Bats Says Exchange Fee Cuts Would Save $850 Million for Traders
Sam Mamudi – Bloomberg
Another leading stock exchange operator has a plan to improve the $24 trillion U.S. equity market.
Bats Global Markets Inc. suggested a reduction in fees for buying and selling some stocks that could produce industry savings exceeding $850 million for the most-active shares, according to a statement today. The Lenexa, Kansas-based company also said there should be a review of how brokers report where they send stock orders and what standards they use in making those decisions.
***SR: Also see the BATS press release below under “Exchanges”
New Year’s U.S. Stocks Slump Seen Overdone in VIX Futures
Callie Bost and Lu Wang – Bloomberg
U.S. equities are starting the year with the worst losses since 2008. Trading in a corner of the market where speculators bet on future volatility suggests the pain will prove temporary.
The Standard & Poor’s 500 Index has plunged 4.2 percent in five days and is down 2.7 percent since the end of 2014, the biggest retreat since it fell 3.9 percent in the financial crisis. Prices for contracts tied to levels of expected stock turbulence in months through September show traders expect this month’s swings to calm down as the year progresses.
***SR: Everything’s temporary.
Southeast Asia derivatives trading hit record high
Jeremy Grant – Financial Times
Derivatives volumes on the three biggest exchanges in Southeast Asia hit record highs in 2014 in a sign that the region’s capital markets are diversifying beyond equity capital raising and trading into offering risk management and hedging.
The development also shows that the bourses are managing to tap a growing middle class of domestic investors who are becoming familiar with futures trading, which is riskier than equities but can offer higher returns.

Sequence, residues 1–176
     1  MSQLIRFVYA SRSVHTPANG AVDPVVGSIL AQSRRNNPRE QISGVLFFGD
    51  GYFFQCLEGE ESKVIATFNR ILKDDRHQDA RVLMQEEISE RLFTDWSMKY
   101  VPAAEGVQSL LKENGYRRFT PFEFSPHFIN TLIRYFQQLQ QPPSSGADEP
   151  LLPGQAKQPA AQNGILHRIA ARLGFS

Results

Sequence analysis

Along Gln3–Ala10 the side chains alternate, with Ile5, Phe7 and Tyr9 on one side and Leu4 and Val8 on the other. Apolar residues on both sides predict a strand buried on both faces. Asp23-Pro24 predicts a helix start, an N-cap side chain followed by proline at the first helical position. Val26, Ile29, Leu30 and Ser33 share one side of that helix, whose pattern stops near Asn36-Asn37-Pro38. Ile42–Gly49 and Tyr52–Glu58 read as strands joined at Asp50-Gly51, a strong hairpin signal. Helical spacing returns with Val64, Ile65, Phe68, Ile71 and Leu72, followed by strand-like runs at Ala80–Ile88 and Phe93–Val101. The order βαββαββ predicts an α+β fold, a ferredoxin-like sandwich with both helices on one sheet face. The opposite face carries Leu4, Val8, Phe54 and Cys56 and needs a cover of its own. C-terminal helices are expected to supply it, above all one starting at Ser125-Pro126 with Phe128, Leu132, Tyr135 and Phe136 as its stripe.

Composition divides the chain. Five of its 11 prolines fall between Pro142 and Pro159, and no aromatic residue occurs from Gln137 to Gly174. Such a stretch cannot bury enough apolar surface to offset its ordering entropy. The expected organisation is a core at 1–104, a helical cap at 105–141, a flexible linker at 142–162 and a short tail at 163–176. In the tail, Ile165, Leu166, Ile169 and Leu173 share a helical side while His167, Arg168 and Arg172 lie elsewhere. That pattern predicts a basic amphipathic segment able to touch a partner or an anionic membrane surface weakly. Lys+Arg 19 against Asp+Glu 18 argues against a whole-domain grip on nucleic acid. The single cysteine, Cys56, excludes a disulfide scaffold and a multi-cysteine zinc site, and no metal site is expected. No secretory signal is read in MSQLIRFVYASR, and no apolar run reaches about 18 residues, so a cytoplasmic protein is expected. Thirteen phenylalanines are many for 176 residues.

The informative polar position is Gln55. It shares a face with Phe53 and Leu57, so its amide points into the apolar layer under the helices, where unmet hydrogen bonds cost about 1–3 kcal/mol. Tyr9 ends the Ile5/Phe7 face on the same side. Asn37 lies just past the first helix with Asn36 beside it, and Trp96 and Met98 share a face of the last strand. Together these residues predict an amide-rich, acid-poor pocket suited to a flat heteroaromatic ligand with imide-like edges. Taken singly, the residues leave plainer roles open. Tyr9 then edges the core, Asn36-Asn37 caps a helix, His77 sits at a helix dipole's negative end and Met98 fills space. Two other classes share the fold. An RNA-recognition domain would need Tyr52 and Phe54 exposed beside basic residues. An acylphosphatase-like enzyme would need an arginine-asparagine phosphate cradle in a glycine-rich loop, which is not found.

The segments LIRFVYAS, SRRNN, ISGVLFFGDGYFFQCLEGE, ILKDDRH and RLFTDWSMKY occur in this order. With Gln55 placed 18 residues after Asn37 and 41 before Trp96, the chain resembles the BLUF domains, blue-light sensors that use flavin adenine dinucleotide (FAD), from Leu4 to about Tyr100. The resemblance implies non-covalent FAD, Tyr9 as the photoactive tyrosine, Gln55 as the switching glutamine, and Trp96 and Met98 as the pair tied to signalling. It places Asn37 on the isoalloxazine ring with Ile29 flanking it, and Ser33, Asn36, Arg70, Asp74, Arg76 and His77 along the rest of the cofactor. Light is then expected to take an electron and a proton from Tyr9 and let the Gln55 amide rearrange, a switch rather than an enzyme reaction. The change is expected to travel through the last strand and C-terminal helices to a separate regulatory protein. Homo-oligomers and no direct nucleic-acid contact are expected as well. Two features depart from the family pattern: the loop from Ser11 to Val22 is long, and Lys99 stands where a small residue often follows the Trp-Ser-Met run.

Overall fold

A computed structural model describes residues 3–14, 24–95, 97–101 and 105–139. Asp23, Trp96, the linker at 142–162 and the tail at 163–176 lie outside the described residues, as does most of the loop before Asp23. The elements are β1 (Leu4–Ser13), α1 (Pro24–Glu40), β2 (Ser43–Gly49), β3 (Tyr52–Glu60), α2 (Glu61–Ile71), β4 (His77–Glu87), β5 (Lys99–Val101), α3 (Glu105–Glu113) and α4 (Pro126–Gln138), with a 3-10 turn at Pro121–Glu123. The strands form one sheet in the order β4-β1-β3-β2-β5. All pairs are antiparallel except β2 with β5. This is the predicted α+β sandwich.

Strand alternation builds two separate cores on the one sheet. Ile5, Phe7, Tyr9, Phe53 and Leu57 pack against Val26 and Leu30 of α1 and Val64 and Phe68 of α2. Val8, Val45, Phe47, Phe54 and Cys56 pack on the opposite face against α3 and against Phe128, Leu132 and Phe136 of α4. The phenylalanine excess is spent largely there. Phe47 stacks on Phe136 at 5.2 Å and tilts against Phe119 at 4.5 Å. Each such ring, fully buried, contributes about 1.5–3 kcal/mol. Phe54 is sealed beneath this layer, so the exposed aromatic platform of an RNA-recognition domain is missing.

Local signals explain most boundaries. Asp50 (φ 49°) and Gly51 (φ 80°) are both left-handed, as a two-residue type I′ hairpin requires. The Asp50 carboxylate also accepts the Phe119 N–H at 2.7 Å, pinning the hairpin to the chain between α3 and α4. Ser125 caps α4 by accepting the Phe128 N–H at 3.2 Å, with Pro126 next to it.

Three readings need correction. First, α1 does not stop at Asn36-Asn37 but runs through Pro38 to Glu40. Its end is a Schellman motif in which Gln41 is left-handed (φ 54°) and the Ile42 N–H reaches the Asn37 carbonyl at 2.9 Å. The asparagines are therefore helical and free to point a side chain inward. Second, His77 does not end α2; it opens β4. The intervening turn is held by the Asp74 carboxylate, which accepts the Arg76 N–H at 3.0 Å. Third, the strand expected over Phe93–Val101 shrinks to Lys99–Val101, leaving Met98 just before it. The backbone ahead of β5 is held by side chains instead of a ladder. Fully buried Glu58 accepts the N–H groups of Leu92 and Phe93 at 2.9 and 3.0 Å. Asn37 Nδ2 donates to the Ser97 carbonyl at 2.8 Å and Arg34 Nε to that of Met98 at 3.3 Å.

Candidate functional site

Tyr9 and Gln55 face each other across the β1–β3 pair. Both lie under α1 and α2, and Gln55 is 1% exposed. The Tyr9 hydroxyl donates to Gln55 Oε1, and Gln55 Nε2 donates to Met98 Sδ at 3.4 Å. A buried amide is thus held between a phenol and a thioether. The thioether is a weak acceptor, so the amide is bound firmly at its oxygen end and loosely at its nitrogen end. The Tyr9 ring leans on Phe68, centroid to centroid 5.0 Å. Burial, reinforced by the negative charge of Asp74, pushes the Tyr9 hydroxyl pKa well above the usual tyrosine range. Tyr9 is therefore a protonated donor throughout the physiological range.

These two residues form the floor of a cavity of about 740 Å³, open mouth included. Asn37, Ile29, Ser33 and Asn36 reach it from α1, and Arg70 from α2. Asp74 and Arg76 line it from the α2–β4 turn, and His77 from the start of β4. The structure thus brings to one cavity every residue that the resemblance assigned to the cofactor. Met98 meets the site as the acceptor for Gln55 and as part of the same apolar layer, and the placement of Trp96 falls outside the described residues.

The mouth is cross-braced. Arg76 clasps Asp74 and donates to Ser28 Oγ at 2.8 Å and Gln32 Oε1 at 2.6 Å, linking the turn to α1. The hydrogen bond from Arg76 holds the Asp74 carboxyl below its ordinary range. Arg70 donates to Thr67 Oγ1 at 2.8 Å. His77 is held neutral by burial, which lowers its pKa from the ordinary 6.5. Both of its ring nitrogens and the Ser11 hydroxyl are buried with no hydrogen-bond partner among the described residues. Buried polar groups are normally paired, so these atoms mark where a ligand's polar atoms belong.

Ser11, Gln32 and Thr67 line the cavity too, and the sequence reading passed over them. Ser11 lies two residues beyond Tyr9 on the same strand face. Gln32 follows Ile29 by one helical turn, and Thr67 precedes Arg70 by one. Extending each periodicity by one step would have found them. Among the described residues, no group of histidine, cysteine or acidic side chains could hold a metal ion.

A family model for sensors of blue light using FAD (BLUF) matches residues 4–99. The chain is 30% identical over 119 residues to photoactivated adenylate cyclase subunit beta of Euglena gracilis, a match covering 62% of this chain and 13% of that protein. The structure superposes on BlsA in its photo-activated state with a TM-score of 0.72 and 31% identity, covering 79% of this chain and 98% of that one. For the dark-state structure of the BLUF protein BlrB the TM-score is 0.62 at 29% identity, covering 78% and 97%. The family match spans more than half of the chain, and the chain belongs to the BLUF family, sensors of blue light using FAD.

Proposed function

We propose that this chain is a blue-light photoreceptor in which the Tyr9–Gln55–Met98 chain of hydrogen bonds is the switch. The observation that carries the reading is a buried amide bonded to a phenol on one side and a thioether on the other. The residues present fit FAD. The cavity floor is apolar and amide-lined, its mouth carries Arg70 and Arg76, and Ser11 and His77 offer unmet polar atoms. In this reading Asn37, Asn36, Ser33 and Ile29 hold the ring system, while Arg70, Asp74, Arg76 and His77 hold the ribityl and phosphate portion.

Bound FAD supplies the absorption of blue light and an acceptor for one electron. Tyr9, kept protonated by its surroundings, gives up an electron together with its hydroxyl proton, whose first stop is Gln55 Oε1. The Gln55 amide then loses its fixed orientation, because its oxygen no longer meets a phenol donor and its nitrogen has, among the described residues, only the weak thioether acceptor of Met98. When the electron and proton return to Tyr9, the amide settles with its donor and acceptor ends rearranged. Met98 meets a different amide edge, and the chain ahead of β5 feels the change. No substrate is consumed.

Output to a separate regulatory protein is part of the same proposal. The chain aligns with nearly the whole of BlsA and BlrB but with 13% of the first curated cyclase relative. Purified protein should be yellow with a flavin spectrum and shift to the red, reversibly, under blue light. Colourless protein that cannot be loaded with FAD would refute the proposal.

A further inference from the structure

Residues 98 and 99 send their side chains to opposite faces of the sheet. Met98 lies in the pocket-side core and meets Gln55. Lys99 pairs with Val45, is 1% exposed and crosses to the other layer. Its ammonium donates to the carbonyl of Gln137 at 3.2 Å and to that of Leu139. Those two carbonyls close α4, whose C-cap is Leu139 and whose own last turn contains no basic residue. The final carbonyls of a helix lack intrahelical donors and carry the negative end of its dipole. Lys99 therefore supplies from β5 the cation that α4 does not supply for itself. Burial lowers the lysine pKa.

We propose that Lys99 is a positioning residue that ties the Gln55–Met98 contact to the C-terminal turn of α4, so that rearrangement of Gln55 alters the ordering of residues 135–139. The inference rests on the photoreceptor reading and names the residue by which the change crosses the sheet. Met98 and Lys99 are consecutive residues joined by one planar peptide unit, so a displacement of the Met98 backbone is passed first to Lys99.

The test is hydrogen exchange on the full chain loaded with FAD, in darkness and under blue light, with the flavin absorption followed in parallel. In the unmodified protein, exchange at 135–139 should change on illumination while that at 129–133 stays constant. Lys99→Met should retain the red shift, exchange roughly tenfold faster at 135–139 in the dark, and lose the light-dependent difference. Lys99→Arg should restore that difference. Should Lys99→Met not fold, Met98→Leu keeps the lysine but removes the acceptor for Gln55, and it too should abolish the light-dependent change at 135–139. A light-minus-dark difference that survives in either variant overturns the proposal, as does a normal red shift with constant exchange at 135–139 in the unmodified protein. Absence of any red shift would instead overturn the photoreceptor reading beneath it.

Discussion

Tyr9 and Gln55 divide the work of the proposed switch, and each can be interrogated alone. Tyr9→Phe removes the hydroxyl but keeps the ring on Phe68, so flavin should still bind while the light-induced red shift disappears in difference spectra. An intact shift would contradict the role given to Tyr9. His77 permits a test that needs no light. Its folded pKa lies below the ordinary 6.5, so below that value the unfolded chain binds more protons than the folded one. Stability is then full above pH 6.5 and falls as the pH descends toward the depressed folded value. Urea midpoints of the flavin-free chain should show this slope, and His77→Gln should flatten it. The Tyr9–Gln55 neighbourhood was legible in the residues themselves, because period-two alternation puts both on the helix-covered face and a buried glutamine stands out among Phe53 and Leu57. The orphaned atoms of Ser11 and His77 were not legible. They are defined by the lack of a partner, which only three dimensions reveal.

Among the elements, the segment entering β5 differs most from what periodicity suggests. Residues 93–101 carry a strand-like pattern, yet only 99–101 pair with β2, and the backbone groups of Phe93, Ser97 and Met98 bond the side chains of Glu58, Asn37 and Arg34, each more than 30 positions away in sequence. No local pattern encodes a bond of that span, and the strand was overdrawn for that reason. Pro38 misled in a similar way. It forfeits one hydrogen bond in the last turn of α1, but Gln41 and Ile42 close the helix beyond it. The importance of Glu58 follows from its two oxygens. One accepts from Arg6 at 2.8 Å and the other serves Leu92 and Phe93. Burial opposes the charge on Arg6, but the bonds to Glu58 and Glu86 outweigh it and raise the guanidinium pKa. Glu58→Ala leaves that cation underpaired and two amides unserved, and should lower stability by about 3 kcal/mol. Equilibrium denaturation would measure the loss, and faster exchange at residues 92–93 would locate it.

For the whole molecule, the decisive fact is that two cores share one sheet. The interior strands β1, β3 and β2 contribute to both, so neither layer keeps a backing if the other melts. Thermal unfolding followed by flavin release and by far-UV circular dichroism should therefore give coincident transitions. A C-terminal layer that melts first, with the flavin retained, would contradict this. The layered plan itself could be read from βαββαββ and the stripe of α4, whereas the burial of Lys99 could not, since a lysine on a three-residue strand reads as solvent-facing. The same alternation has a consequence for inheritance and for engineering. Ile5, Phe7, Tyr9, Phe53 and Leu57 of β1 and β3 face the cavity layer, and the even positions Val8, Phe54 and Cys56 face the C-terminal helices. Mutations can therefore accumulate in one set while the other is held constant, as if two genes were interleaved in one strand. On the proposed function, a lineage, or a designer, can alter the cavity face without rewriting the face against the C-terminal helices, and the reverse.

Not Everyone is Betting on Higher Volatility
Adam Warner – Schaeffer’s Investment Research
If we all got a dime for every call for higher volatility this year, we’d all have a lot of dimes. I definitely enjoy poking fun at all the calls — and Bloomberg’s piece here is full of some more. But in all fairness, this opinion sounds pretty reasonable:
***DA: Contrary viewpoints on price and direction are what makes markets.
Oil Investors Pour Most Money Into Funds in 4 Years
Moming Zhou – Bloomberg
Investors poured the most money in more than four years into funds that track crude oil on speculation prices will rebound from a five-year low.
The four biggest oil exchange-traded products listed in the U.S. received a combined $1.23 billion in December, the most since May 2010, according to data compiled by Bloomberg. Another $109.9 million was added this month through Jan. 5.
***DA: Trying to catch a falling knife…
Open Letter to U.S. Securities Industry Participants
Press Release – BATS
Dear industry participant,
BATS believes there is consensus among market participants for several market structure initiatives that will maintain the healthy market quality gains investors have realized over the past decade, while achieving further optimizations to our equity market in the years to come. We are seeking feedback and support from a wide array of market participants, and we offer this set of suggestions as a starting point for constructive discussion.
The Chicago Stock Exchange Is Branching Out to Cater to the Underserved